He said the personalized care and supportive atmosphere makes a world of difference for those who are dying and for those who do leave hospice alive.

“After six months there, I guess I graduated,” he joked.

Physicians gave him the all clear to go home.

“The doctors are amazed about my recovery. I am too,” he said.

He has recently met with staff at the Langley Hospice to share some of the ideas he has for the new 15-bed stand-alone hospice planned for Langley.

READ MORE: LANGLEY HOSPICE

Hospice isn’t run by the rules like a hospital, he points out.

“If you want to bring in outside food because you don’t like what’s on the menu one day, they are OK with that. I like to wake up and have a warm cup of soup at night. The nurses accommodated that. They accommodate to the individual’s needs and wants. It takes a special kind of person to be staff and volunteer at hospice.”

While there, Roxburgh implemented Float Fridays, which meant that every Friday, the staff would organize ice cream and pop and offer floats to residents who could have one.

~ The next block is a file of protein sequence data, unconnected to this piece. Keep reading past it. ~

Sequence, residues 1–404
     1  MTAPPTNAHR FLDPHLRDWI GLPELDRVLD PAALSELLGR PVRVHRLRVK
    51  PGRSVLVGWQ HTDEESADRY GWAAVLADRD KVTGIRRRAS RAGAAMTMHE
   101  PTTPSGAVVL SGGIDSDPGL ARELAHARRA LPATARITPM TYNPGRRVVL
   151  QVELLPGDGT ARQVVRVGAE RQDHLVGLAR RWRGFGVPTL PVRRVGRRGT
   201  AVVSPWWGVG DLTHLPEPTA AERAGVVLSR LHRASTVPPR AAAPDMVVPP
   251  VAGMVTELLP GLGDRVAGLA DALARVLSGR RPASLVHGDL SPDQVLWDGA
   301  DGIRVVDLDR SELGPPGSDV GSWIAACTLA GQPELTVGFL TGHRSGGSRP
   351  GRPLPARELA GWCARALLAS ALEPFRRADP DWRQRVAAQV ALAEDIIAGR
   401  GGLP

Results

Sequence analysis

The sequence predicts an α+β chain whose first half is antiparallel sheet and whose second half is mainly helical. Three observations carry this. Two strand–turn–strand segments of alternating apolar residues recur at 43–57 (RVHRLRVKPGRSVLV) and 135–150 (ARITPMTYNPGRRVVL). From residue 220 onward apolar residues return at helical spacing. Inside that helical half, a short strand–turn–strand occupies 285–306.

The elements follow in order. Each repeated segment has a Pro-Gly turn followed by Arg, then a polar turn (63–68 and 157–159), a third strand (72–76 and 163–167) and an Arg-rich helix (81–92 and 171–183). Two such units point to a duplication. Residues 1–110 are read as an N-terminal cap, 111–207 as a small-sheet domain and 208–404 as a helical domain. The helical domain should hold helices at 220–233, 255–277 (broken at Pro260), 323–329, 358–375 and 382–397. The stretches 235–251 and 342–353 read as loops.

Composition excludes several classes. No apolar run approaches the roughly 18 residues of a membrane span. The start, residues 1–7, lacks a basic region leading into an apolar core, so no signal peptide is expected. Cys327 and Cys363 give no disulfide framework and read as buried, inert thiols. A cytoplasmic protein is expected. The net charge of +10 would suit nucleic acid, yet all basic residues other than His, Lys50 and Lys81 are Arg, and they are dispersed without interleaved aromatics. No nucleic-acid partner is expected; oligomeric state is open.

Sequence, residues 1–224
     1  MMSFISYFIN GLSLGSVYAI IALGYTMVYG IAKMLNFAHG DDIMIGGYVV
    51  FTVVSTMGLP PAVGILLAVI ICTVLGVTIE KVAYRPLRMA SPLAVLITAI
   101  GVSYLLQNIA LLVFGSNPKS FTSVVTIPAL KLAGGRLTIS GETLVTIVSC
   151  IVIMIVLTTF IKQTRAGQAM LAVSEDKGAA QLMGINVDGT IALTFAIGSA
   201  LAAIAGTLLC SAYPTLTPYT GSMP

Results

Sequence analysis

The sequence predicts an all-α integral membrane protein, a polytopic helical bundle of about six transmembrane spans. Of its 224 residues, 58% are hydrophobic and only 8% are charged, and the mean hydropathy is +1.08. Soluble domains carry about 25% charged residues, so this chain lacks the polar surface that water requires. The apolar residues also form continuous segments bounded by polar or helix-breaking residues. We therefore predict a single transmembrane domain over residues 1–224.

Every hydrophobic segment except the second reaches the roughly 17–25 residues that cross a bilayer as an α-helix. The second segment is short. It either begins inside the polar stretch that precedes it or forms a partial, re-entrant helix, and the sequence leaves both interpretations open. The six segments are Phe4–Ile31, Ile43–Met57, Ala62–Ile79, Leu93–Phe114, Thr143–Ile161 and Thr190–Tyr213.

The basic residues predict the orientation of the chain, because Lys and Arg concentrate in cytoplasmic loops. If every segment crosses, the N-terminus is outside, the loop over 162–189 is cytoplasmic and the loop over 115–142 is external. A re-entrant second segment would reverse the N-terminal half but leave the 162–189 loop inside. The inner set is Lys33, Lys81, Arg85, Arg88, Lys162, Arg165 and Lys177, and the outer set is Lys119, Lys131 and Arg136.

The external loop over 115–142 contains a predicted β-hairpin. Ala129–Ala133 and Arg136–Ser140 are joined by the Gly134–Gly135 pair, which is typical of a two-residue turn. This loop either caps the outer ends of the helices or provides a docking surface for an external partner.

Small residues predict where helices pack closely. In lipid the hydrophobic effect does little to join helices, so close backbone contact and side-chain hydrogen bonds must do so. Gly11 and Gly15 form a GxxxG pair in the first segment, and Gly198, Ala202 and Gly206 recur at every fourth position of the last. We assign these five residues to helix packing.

“You’d be amazed how many people have never had a float before,” he said.

Then he created Sunday Suppers once a month.

“All residents, family, friends, staff and volunteers were welcome. We’d sometimes have 40 people there. Not everyone can take part, but everyone is welcome. For those who wanted food, they would have it brought to their room.”

Jane Godfrey, patient care co-ordinator at the Christine Morrison Hospice said Roxburgh left a legacy there.

“Tim arrived with a prognosis that wasn’t good. He had no appetite and couldn’t do anything on his own. But he thrived here and before he left he was putting up Christmas decorations,” said Godfrey.